This article revolves around reparations paid to survivors of the Holocaust who had been forced to do labor during the second World War. Now they can receive a pension for the labor rendered. However, since the approval of this program there have been complaints of bureaucratic mishandling of the cases presented, that by reviewing cases slowly and rejecting most of those submitted anyway, the government has managed to maneuver its way out of repaying many of the reparations.
The article uses the case of Abraham Leibenson, who worked in Nazi ghettos and was the sole survivor of the Holocaust in his family. He applied for the pension from his home in Israel to help pay for medical bills that his low salary could not cover. By his death, last month this year, he hadn’t received any payment. Using this case, the article begins to expand upon the logistical problems in the legislation and bureaucracy keeping reparations from being paid.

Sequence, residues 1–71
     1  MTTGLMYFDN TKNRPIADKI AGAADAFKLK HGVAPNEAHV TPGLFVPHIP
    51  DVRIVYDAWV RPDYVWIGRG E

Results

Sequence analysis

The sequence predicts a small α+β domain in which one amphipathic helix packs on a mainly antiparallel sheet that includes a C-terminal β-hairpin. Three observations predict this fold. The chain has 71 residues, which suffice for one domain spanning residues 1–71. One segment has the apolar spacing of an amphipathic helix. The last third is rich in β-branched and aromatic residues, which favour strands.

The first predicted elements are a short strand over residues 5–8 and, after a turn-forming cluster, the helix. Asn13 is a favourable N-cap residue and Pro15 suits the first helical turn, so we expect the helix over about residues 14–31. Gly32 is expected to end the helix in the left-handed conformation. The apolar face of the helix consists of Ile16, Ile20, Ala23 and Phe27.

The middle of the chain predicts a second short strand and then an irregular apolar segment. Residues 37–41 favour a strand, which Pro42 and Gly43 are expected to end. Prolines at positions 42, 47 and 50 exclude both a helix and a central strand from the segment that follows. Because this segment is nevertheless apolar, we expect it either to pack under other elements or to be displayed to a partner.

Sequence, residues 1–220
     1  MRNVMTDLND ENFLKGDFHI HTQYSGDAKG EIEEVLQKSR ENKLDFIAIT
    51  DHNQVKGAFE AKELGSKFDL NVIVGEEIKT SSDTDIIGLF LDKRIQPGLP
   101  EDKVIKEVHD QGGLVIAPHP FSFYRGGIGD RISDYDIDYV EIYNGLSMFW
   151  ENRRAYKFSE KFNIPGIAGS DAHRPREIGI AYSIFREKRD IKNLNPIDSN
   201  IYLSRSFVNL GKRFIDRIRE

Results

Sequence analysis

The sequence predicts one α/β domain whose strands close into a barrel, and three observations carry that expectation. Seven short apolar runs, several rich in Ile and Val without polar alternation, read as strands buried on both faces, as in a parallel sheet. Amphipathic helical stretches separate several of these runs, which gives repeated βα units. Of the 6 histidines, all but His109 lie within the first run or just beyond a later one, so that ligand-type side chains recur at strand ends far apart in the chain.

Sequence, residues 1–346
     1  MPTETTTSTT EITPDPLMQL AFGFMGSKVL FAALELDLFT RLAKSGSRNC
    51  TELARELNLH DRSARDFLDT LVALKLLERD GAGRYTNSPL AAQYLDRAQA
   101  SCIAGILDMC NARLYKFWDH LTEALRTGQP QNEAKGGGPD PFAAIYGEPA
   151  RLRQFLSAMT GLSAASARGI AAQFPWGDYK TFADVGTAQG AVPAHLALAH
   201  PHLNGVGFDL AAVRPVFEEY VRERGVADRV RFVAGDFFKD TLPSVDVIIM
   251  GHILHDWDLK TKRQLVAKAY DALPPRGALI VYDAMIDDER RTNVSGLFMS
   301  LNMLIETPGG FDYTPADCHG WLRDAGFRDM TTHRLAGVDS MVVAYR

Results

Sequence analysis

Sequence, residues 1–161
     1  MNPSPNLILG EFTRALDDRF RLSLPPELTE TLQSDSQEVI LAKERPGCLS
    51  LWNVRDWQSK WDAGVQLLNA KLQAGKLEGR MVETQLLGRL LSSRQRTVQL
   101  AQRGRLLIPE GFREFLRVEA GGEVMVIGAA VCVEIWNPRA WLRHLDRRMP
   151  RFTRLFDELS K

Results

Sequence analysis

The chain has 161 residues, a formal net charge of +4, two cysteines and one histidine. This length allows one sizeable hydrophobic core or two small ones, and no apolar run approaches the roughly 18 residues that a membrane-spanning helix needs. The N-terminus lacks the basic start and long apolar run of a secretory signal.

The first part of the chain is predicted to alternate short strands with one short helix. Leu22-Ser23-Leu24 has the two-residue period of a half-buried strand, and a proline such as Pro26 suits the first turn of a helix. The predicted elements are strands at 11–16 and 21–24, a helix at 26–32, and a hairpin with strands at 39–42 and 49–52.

Read the full article here.